Vision of Jehovah in His Temple.
Isaiah is outside, near the altar in front of the
temple. The doors are supposed to open, and the veil hiding the Holy of
Holies to be withdrawn, unfolding to his view a vision of God
represented as an Eastern monarch, attended by seraphim as His
ministers of state (1Ki 22:19),
and with a robe and flowing train (a badge of dignity in the East),
which filled the temple. This assertion that he had seen God was,
according to tradition (not sanctioned by Isa 1:1; see Introduction), the pretext for sawing him
asunder in Manasseh's reign (Heb 11:37). Visions often occur in the other
prophets: in Isaiah there is only this one, and it is marked by
characteristic clearness and simplicity.
1. In … year … Uzziah
died—Either literal death, or civil when he
ceased as a leper to exercise his functions as king [Chaldee],
26:19-21). 754 B.C. [Calmet] 758
(Common Chronology). This is not the first beginning of Isaiah's
prophecies, but his inauguration to a higher degree of the prophetic
6:9, &c., implies the
tone of one who had already experience of the people's obstinacy.
Lord—here Adonai, Jehovah in
Isa 6:5; Jesus Christ is meant as
speaking in Isa 6:10,
according to Joh 12:41.
Isaiah could only have "seen" the Son, not the divine essence
1:18). The words in Isa 6:10 are attributed by Paul (Ac 28:25,
26) to the Holy Ghost.
Thus the Trinity in unity is implied; as also by the thrice "Holy"
6:3). Isaiah mentions the
robes, temple, and seraphim, but not the form of God Himself. Whatever
it was, it was different from the usual Shekinah: that was on the mercy
seat, this on a throne; that a cloud and fire, of this no form is
specified: over that were the cherubim, over this the seraphim; that
had no clothing, this had a flowing robe and train.
2. stood—not necessarily the posture of
standing; rather, were in attendance on Him [Maurer], hovering on expanded wings.
the—not in the Hebrew.
seraphim—nowhere else applied to God's
attendant angels; but to the fiery flying (not winged, but
rapidly moving) serpents, which bit the Israelites (Nu 21:6), called so from the poisonous
inflammation caused by their bites. Seraph is to burn;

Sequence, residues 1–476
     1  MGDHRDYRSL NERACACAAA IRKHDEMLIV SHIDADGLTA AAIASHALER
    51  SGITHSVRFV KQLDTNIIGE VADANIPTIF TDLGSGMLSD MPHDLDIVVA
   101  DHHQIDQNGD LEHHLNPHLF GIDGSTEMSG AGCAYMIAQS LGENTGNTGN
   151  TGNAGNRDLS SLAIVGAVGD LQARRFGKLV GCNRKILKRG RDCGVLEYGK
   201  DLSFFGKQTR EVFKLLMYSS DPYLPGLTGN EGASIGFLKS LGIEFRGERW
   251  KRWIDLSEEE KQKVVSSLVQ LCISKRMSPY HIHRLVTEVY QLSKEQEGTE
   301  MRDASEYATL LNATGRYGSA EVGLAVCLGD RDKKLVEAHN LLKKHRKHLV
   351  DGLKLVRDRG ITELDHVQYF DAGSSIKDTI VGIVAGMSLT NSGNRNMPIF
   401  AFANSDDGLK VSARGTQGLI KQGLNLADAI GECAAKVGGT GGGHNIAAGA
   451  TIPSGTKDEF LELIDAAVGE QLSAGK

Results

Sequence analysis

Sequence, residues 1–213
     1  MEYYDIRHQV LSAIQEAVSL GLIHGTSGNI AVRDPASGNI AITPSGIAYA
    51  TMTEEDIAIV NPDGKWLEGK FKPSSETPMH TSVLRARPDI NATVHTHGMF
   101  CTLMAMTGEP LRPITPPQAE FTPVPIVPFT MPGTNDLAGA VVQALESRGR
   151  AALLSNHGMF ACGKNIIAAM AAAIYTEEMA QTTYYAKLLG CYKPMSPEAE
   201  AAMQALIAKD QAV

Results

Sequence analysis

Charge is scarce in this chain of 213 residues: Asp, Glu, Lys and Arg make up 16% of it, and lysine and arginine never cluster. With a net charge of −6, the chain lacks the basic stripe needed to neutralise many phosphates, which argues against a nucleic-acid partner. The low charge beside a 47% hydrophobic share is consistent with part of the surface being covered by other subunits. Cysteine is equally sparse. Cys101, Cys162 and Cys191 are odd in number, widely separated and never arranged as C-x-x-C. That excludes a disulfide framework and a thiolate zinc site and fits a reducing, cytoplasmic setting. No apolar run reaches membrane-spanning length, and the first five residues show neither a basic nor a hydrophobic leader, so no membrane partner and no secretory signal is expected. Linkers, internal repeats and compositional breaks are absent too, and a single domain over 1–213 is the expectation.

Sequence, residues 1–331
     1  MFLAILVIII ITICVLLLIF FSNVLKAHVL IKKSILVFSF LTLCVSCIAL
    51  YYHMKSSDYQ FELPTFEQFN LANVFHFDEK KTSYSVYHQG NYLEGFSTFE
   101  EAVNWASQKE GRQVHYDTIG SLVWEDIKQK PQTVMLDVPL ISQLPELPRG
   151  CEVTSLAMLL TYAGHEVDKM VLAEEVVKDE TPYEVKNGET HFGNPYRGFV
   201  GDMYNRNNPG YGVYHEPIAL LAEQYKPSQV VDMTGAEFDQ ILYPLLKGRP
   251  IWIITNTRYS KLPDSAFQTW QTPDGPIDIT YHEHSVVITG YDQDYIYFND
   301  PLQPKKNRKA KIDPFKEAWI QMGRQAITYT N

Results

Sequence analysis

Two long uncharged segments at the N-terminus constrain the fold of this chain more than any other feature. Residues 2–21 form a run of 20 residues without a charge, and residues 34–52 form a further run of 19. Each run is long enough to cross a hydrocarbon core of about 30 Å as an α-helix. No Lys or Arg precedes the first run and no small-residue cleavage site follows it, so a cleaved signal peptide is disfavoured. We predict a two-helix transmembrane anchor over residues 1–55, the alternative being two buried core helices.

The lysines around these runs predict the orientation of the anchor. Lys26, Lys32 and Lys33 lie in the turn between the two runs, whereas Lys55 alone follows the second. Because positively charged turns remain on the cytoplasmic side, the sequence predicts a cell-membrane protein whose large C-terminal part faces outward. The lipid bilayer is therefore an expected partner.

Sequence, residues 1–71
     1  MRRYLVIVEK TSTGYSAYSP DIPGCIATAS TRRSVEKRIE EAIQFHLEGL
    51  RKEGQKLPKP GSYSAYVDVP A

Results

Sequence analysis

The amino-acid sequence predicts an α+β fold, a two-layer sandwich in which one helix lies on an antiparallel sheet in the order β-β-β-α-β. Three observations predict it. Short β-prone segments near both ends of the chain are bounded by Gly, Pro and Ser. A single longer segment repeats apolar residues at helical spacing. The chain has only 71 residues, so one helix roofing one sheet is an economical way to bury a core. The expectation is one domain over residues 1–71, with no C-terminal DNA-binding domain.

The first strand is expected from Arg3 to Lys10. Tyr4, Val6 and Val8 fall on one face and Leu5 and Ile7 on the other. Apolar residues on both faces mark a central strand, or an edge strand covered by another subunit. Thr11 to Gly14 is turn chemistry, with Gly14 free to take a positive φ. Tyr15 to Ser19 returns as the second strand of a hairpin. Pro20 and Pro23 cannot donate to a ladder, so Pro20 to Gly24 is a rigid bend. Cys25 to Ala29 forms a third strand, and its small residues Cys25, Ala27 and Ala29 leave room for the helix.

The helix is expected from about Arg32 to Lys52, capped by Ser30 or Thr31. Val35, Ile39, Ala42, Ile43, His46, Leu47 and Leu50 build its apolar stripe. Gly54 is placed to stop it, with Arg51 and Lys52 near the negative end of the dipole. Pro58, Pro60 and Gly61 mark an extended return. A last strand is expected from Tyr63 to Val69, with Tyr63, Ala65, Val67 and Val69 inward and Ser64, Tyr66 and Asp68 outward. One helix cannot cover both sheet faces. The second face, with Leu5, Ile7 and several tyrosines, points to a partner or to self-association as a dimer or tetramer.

implying the burning zeal, dazzling brightness (2Ki 2:11; 6:17; Eze 1:13; Mt 28:3) and serpent-like rapidity of the
seraphim in God's service. Perhaps Satan's form as a serpent
(nachash) in his appearance to man has some connection with his
original form as a seraph of light. The head of the serpent was the
symbol of wisdom in Egypt (compare Nu 21:8; 2Ki
18:4). The seraphim, with six
wings and one face, can hardly be identified with the cherubim, which
had four wings (in the temple only two) and four faces (Eze 1:5-12). (But compare Re 4:8). The "face" and "feet" imply a human
form; something of a serpentine form (perhaps a basilisk's head, as in
the temples of Thebes) may have been mixed with it: so the cherub was
compounded of various animal forms. However, seraph may come from a
root meaning "princely," applied in Da 10:13 to Michael [Maurer]; just as cherub comes from a root (changing
m into b), meaning "noble."
twain—Two wings alone of the six were
kept ready for instant flight in God's service; two veiled their faces
as unworthy to look on the holy God, or pry into His secret counsels
which they fulfilled (Ex 3:6; Job 4:18; 15:15); two covered their feet, or rather the
whole of the lower parts of their persons—a practice usual
in the presence of Eastern monarchs, in token of reverence (compare
1:11, their bodies).
Man's service a fortiori consists in reverent waiting on, still
more than in active service for, God.
3. (Re 4:8). The
Trinity is implied (on "Lord," see on Isa 6:1).
God's holiness is the keynote of Isaiah's whole prophecies.
whole earth—the Hebrew more
emphatically, the fulness of the whole earth is His glory
4. posts of … door—rather,
foundations of the thresholds.
smoke—the Shekinah cloud (1Ki 8:10; Eze
5. undone—(Ex 33:20). The same effect was produced on others
by the presence of God (Jud 6:22; 13:22; Job
42:5, 6; Lu 5:8; Re 1:17).
lips—appropriate to the context which
describes the praises of the lips, sung in alternate responses
(Ex 15:20, 21; Isa 6:3) by the seraphim: also appropriate to
the office of speaking as the prophet of God, about to be
committed to Isaiah (Isa 6:9).
seen—not strictly Jehovah Himself
(Joh 1:18; 1Ti 6:16), but the symbol of His presence.
6. unto me—The seraph had been in the
temple, Isaiah outside of it.
live coal—literally, "a hot stone,"
used, as in some countries in our days, to roast meat with, for
example, the meat of the sacrifices. Fire was a symbol of purification,